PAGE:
Smitherman a winner at CARP debate as Ford sticks to his guns on cutting spending
On a hot Wednesday afternoon in an even hotter auditorium at Ryerson University, Toronto's top five mayoral candidates discussed the seemingly not-so-hot topic of senior citizens. The debate was hosted by CARP, a non-partisan advocacy group for those over 45.
Seniors' issues have taken a back seat so far in this campaign--compared to the relatively hot topics of transit and bike lanes--and they might seem like something of interest only to an older crowd.
But that's far from the case. As Toronto's baby boomer generation ages, young people will be increasingly responsible for taking care of them. The strain on social services will be a big challenge for all levels of government and taxpayers.
And not only are seniors a major public policy concern today, they're also an important political concern for the candidates. People over 45 are the most likely demographic to vote.
The debate's first segment was introduced by former mayor David Crombie in a pre-recorded video. The question: how are you going to help seniors?
George Smitherman proudly touted his plan to allow seniors free access to the TTC between 10 a.m. and 2 p.m. and reminded the audience of his involvement with Ontario's Aging at Home Strategy as Ontario Health Minister.
Rob Ford used his mother as an example. "She comes up to me and says: Son, I cannot afford to live in this city," Ford said. "She says: what's going on here? I'm a senior; I'm on a fixed income, [and city councillors] are living the high life at my expense."
"The gravy train has to come to an end and seniors need to come first," he added.
Joe Pantalone promoted his recently announced plan to freeze property taxes for seniors earning $50,000 per year or less, and complained about the lack of federal government support for social services.
Smitherman was the first to go on attack. "Councillor Pantalone speaks about the federal and provincial levels of government, but if we look at their circumstances we can obviously see their ability to drop serious dough into the outreached hands of Torontonians is going to be very challenging."
Then he went after Ford. "What worries me is that as councillor he voted to eliminate snow clearing of sidewalks, which is something very important to seniors, and he's been working aggressively against the 311 service, which seniors more than anyone else are relying upon."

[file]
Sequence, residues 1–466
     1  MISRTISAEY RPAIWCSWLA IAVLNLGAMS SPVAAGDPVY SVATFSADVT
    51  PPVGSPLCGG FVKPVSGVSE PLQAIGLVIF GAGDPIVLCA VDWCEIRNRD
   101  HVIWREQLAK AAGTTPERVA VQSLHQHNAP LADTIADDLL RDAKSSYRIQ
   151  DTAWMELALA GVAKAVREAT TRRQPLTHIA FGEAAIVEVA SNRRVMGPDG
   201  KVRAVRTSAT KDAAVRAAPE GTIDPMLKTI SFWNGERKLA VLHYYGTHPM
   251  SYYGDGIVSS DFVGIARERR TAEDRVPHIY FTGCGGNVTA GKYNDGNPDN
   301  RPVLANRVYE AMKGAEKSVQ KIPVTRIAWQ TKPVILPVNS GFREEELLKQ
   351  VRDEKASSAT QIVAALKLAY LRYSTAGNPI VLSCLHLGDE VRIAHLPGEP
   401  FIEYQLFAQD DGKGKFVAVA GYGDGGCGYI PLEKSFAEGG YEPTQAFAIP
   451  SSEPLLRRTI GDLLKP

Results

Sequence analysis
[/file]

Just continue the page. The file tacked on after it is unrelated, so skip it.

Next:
Ford defended himself, explaining that the snow removal vote only affected dead-end streets.
But then Smitherman whipped out his notes and read from the actual council motion. "Councillor Ford moves that the item be amended by...eliminating city-wide sidewalk snow removal for savings of $13,414,000"
"The good news is that the vote was defeated 34-8. It certainly wasn't the way [Ford] described it just now," he added.
Later in the debate a surprise video by John Tory was played. "Are you ready to step up and be the kind of mayor that gives us streamlined government, that gives us humane government, and that's going to give us civilized debate at city hall?" he asked the candidates.
The strange thing was that they never had a chance to answer, moderator Susan Eng simply moved to the next question when the video finished.
Eng also abruptly interrupted Pantalone while he was speaking about provincial downloading. "You know what? That's not going to help us to blame the provincial government. Tell us what you're going to do at city hall," she said.
CARP conducted a poll after the debate that revealed Smitherman was the clear winner. 18 per cent of the audience said they would vote for him prior to debate, but that number jumped to 43 per cent afterwards.
Rossi also made some inroads with the crowd, jumping from 17 per cent to 23. The rest of the candidates failed to make any improvements.
At the end of the forum the candidates were encouraged to sign a pledge to make Toronto an age friendly city. They all signed except Ford. CP24 reports he said he couldn't commit to the pledge without knowing what it costs.
The debate's problem was Eng's tendency to ask multiple questions at once--at least three at time. This didn't force anyone to stay on topic and made it easy to offer general answers. At one point Eng packed five questions into one. She asked:
"How will we see an end to everlasting road construction? How will you get the budget under control and keep taxes as low as possible? What would you do to govern the city better? How would you make sure that debate at city hall would be civilized? And by the way, what do you think about term limits?"
However, relative to the slug-fest-one-liner CP24 debates we've seen recently, the CARP debate was lively and engaging.
And despite the obvious resonance Smitherman had with the crowd, the forum also showed Ford's talent for presenting a concise message. While the rest of the candidates squirmed to offer proposals to help the aged, Ford railed against excessive city spending.
This might not help seniors, but the clear (and singular) message he consistently brings to debates is what he's pinned his election hopes on.
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